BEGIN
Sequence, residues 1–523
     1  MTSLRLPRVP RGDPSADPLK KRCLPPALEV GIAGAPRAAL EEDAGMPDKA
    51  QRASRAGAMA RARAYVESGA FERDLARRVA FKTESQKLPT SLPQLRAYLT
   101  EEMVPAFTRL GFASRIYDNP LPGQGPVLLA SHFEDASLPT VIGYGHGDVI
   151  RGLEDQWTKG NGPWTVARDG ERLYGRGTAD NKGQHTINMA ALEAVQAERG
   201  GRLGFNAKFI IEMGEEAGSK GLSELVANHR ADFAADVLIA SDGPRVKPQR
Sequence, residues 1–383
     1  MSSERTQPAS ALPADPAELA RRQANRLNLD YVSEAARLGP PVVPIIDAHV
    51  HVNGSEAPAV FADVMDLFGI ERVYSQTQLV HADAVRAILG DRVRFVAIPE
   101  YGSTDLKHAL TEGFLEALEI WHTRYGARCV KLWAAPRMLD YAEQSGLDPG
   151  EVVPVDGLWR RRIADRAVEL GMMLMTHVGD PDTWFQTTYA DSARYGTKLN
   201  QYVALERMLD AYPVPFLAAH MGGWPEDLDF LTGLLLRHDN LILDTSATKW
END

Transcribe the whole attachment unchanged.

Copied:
Sequence, residues 1–523
     1  MTSLRLPRVP RGDPSADPLK KRCLPPALEV GIAGAPRAAL EEDAGMPDKA
    51  QRASRAGAMA RARAYVESGA FERDLARRVA FKTESQKLPT SLPQLRAYLT
   101  EEMVPAFTRL GFASRIYDNP LPGQGPVLLA SHFEDASLPT VIGYGHGDVI
   151  RGLEDQWTKG NGPWTVARDG ERLYGRGTAD NKGQHTINMA ALEAVQAERG
   201  GRLGFNAKFI IEMGEEAGSK GLSELVANHR ADFAADVLIA SDGPRVKPQR
Sequence, residues 1–383
     1  MSSERTQPAS ALPADPAELA RRQANRLNLD YVSEAARLGP PVVPIIDAHV
    51  HVNGSEAPAV FADVMDLFGI ERVYSQTQLV HADAVRAILG DRVRFVAIPE
   101  YGSTDLKHAL TEGFLEALEI WHTRYGARCV KLWAAPRMLD YAEQSGLDPG
   151  EVVPVDGLWR RRIADRAVEL GMMLMTHVGD PDTWFQTTYA DSARYGTKLN
   201  QYVALERMLD AYPVPFLAAH MGGWPEDLDF LTGLLLRHDN LILDTSATKW